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Tuesday, 10 December, 2002, 13:30 GMT
Can Blair end "Cheriegate"?
Prime Minister Tony Blair
Tony Blair may not be able to avoid press questions

The latest statement from Tony Blair's official spokesman on the row surrounding the prime minister's wife is clearly an attempt to close down the entire embarrassing and corrosive affair.

He repeated the insistence that Mrs Blair has done nothing illegal or improper and that the media questioning was an invasion of privacy.

The prime minister is obviously becoming seriously concerned that the campaign of character assassination, as he sees it, is starting to harm both him and the government.

Peter Foster
Foster faces deportation
But the last thing he wants to do is be forced to make a personal statement on the issue.

He has seen his spokesmen persistently wrong footed by intensive press questioning, usually because they have not been kept fully in the picture by Mrs Blair.

The fear will be that by making a personal appearance the prime minister might only make matters worse.

Press conference

Instead, it is hoped the words from his official spokesman will answer those demanding he makes a statement.

But, thanks to a coincidence of timing, the prime minister may not be able to avoid it.

He is attending the European summit in Copenhagen at the end of this week.

And, as always, there will be an end-of-summit press conference at which the prime minister will sit alongside the current EU president to take questions from the media.

Shadow home secretary Oliver Letwin
Letwin wants inquiry
That is now likely to turn into another embarrassing occasion when - as has happened before - questioning is dominated by the prime minister's troubles at home.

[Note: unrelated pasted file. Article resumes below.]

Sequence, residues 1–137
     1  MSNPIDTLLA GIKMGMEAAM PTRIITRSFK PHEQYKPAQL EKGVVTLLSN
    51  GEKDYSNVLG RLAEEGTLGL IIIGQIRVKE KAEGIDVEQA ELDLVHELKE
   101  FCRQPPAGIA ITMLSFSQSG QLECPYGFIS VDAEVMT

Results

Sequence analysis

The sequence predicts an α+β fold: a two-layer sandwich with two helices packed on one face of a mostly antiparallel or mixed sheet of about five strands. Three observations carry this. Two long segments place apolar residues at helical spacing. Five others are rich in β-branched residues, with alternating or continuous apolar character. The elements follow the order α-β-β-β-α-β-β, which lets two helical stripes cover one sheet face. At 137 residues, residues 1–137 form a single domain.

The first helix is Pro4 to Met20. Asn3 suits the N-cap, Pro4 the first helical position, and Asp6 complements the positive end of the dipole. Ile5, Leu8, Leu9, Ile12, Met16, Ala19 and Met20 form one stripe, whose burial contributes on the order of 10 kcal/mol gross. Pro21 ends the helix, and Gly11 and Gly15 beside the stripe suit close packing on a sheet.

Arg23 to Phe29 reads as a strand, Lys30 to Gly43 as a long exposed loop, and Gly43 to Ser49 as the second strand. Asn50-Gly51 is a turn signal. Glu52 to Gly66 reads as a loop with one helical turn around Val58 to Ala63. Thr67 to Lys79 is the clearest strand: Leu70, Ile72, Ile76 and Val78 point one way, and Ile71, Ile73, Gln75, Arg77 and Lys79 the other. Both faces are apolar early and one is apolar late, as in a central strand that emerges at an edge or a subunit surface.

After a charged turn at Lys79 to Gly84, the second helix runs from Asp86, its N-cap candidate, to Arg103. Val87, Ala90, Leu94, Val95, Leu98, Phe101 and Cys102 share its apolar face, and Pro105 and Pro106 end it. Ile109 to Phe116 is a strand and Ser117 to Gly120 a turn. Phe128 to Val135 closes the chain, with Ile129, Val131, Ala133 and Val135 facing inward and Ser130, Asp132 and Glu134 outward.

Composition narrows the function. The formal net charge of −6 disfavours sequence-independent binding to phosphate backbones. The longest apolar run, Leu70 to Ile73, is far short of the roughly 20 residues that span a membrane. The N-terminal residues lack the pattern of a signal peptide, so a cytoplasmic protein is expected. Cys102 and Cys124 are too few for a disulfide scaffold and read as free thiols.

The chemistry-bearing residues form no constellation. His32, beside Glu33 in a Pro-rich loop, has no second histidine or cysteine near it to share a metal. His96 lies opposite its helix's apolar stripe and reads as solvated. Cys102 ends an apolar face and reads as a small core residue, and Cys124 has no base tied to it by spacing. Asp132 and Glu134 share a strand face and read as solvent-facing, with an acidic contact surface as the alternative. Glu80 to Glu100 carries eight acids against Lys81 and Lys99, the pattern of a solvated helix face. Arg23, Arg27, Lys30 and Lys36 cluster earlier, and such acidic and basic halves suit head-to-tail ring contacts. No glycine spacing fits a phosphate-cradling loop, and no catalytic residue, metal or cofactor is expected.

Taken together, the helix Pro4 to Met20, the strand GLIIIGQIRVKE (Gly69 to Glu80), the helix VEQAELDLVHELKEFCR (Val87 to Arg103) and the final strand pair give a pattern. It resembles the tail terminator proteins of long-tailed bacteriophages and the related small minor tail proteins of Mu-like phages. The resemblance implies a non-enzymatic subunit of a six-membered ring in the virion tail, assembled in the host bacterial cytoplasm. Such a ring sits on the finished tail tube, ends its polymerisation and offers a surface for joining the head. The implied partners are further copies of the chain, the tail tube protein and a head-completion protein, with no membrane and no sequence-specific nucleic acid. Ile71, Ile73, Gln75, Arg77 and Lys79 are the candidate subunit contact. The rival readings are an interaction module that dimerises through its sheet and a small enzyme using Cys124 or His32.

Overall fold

Despite the attempts to close down the affair, there are still several unanswered questions over Cherie Blair's behaviour.

Troubled past

Specifically, Downing Street has still not cleared up the question of exactly when Mrs Blair knew that the man helping her buy two flats in Bristol had a criminal record.

The idea that Downing Street did not know of his past or that the prime minister's wife was not informed of his record - beyond being told he had a "troubled past" - leaves many scratching their heads in disbelief.

And the latest twist has seen a revelation that Mrs Blair phoned Peter Foster's solicitor to ask about the progress of deportation proceedings against him.

That has left the Tories asking if ministers or officials intervened in the case - possibly in an attempt to have him removed from the country and out of harms way as soon as possible.

Tony Blair may want to put the lid on the affair, but there is no sign of this row going away just yet.

And, as each day passes, it looks more likely that the prime minister will be forced to speak publicly on it.


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10 Dec 02 | Politics
09 Dec 02 | Politics
06 Dec 02 | Politics
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